Irish art collectors can sharpen their focus with a busy auction period coming up

The autumn selling season is underway with a vengeance. Art auctions, fairs and large sales of antiques and collectibles will keep many people busy next week. The choice confronting auctiongoers and collectors in Ireland right now is nothing short of dizzying.

Collectors of art can sharpen their focus as viewings are underway in Dublin for sales of Important Irish Art by Whyte’s next Monday (September 26) and at James Adam on Wednesday (September 28). A trip to Dublin this weekend also creates an opportunity to drop into Timeless, the Irish Antique Dealers Fair which continues at the RDS today and tomorrow.

The Changing Dawn by Jack B Yeats at Whyte’s.

The capital is exerting a strong pull but an online sale of affordable Irish art by Morgan O’Driscoll until Tuesday (September 27) offers opportunities to view in Skibbereen and a number of important sales around the country are on view too.

Against a background where the Irish art market is growing year on year Whyte’s will offer two 1946 works by Yeats, The Changing Dawn (€250,0000-€350,000) and River Mouth (€200,000-€300,000). Among the artworks of a completely contrasting styles on the catalog of 150 lots are William Scott’s Chinese Orange III (€40,000-€60,000), Black and White She Scarecrow by John Shinnors (€25,000-€35,000) and Stephen McKenna’s Interior Scene (€ 8,000-€10,000).

Clown Dreaming by Gerard Dillon at Adams.
Clown Dreaming by Gerard Dillon at Adams.

A selection of works by Harry Kernoff at Whyte’s is led by Liberty Hall Dublin (Night) 1934 (€20,000-€30,000). Good Old Stuff, 1928 by Sean Keating is estimated at €30,000-€50,000 and there are significant works by John Lavery, Dan O’Neill, Norah McGuinness, Donald Teskey, Louis le Brocquy, Maurice Wilks, Peter Curling and a portrait of Frederick the Great from the 18th century Circle of Dorothea Lisiewski-Therbusch.

The choice at James Adam ranges from the late 19th century to the present day. A c1891 portrait by Roderic O’Conor, Le Marin Barbu (€60,000-€80,000) and a self-portrait by Gerard Dillon titled Man on a Chair (€50,000-€80,000) are the most expensively estimated lots. Fisherman with Lobster c1937 (€15,000-€20,000) by Charles Lamb which depicts Padraic Ghrealis of Rinn, Connemara was once a key work on the wall of Lambs Restaurant at the Seagoe Hotel in Portadown, hometown of the artist.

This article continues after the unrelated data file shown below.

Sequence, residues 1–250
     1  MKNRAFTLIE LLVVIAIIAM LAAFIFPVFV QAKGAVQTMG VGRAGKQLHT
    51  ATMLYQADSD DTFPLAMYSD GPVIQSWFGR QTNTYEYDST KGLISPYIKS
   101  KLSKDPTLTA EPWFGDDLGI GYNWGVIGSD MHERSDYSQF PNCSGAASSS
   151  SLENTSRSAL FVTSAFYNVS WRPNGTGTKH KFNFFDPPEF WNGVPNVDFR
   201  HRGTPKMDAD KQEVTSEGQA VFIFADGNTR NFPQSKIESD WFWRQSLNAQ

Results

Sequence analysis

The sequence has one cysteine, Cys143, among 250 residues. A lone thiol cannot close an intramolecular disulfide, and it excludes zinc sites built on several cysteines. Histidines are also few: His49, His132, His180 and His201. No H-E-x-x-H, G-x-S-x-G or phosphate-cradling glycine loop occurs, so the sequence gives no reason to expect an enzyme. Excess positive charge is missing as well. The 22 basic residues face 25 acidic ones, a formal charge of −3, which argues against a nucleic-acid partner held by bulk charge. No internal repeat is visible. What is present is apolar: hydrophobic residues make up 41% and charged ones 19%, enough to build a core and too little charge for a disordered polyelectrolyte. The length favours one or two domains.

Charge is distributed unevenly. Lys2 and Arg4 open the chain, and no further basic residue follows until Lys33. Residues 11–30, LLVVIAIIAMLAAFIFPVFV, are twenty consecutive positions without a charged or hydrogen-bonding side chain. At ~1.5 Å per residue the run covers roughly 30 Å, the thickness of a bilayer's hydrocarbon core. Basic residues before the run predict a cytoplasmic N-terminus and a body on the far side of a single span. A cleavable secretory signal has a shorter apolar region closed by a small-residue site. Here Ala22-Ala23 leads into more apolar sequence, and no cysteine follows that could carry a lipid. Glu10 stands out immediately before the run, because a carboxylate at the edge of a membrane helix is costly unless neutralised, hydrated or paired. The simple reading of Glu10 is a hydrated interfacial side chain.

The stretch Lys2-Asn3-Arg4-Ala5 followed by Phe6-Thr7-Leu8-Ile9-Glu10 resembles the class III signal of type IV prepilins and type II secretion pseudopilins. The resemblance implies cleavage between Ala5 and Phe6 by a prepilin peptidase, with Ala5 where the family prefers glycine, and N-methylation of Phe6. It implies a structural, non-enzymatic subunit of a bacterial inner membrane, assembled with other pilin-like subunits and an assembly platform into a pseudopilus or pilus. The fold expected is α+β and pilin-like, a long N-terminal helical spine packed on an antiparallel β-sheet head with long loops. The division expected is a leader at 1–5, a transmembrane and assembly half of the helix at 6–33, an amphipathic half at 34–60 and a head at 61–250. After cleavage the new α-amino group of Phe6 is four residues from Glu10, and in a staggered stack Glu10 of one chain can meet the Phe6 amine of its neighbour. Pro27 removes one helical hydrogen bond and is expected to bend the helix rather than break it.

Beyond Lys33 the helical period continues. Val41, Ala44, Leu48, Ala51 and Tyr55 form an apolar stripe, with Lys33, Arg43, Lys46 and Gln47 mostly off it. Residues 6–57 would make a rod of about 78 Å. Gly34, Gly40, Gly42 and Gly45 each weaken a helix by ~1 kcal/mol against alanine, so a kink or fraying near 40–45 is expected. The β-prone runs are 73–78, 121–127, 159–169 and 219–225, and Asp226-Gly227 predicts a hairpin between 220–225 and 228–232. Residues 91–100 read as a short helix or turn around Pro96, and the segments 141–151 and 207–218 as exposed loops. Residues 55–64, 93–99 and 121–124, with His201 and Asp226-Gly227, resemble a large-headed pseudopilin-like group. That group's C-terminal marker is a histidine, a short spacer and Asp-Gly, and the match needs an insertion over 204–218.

Chinese Orange III by William Scott at Whyte's.
Chinese Orange III by William Scott at Whyte’s.

Two paintings in the unmistakable modern style of Norah McGuinness, Waterweeds and Day’s End, Dublin Bay – each estimated at €30,000-€40,000 – once adorned the walls of Ballymascanlon House Hotel near Carlingford in Co. Louth. A panoramic view of Clifden on a grand scale by Maurice MacGonigal comes with an estimate of €15,000-€20,000, as does Portrait of a Young Woman by Dan O’Neill. There are varying estimates of from €200-€800 on a collection of ten works on paper by Colin Middleton. The range of work on offer at Adams encompasses artists from Nathanial Hone and Edwin Hayes to Donald Teskey and Hughie O’Donoghue. An oil on canvas of the Gap of Dunloe by Alfred de Breanski (1852-1928) is estimated at €3,000-€5,000.

Morgan O’Driscoll’s sale is on view in Skibbereen next Monday and Tuesday and the catalog with bidding options is online. The auction offers a selection of 460 affordable works.


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